Calgary-based Field Upgrading, which plans to turn bitumen into ultra-low sulfur bunkers, is just one of the many Canadian companies looking for opportunities from tightening environmental regulations in the shipping industry, such as emission control areas (ECAs) and the 0.50 percent global cap on sulfur coming in 2020, local media outlet Alberta Oil reports.
Neil Camarta, Field Upgrading's CEO, says the process will take "the dirty out of dirty oil," lowering sulfur content from 5 percent to 0.1 percent - a plan that he suggests complements the regulatory curve.
DNOW Process Solutions Canada (DNOW) says it monitors tightening emissions regulations and is preparing to provide new emissions control systems across Canada, including the marine market.
"We're providing a wide range of emissions control solutions, adding value not just for engines but also for all other products we distribute including pumps, actuation, process equipment where emissions can be identified and reduced or eliminated from entering the atmosphere," said Mike Doepel, Director of DNOW.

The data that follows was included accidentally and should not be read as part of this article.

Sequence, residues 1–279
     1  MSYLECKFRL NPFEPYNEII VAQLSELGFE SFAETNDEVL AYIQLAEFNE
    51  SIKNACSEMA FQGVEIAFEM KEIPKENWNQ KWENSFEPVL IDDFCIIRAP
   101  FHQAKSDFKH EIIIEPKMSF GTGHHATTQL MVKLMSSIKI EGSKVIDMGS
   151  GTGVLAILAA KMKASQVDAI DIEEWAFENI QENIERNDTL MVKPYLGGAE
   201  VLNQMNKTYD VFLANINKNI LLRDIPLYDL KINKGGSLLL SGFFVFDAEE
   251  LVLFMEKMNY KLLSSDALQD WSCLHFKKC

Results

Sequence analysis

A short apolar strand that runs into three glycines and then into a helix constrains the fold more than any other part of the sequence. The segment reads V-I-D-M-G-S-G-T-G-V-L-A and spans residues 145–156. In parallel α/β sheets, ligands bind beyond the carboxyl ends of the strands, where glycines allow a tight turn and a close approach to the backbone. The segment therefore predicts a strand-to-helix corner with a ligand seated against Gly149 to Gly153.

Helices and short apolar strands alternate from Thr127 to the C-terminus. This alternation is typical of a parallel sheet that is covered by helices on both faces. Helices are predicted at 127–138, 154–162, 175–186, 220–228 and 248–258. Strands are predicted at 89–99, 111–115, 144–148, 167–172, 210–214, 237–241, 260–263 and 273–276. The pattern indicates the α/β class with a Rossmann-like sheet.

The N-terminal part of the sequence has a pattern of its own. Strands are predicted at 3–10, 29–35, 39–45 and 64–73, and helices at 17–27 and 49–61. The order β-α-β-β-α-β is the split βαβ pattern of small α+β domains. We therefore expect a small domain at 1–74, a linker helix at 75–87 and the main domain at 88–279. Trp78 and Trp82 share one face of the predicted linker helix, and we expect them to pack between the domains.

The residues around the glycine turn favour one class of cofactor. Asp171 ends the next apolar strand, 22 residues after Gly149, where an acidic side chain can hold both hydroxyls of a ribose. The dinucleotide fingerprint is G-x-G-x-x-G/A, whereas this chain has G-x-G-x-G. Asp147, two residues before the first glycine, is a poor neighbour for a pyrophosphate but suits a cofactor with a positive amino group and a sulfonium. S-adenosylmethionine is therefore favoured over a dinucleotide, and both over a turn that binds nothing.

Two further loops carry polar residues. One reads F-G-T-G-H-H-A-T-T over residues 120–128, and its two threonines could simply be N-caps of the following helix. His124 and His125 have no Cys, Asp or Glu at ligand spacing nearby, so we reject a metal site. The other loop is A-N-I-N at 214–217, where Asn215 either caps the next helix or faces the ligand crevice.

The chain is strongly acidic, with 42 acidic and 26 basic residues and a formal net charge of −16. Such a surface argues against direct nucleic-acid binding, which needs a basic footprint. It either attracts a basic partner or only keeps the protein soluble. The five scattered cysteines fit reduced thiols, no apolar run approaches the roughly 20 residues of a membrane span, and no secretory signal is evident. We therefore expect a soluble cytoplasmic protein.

Doepel notes that the firm will continue to work to innovate further in order to reduce emissions and maintenance costs, enable industries to keep up and prepare for new regulations.
Yesterday, Ship & Bunker reported that John Kornerup Bang, Chief Advisor on Climate Change at Maersk Group (Maersk), says the shipping industry "must step up its efforts to pollute less."
For the entire article, visit Ship and Bunker’s website: http://shipandbunker.com/news/world/601087-update-imo-05-global-sulfur-cap-to-take-effect-from-2020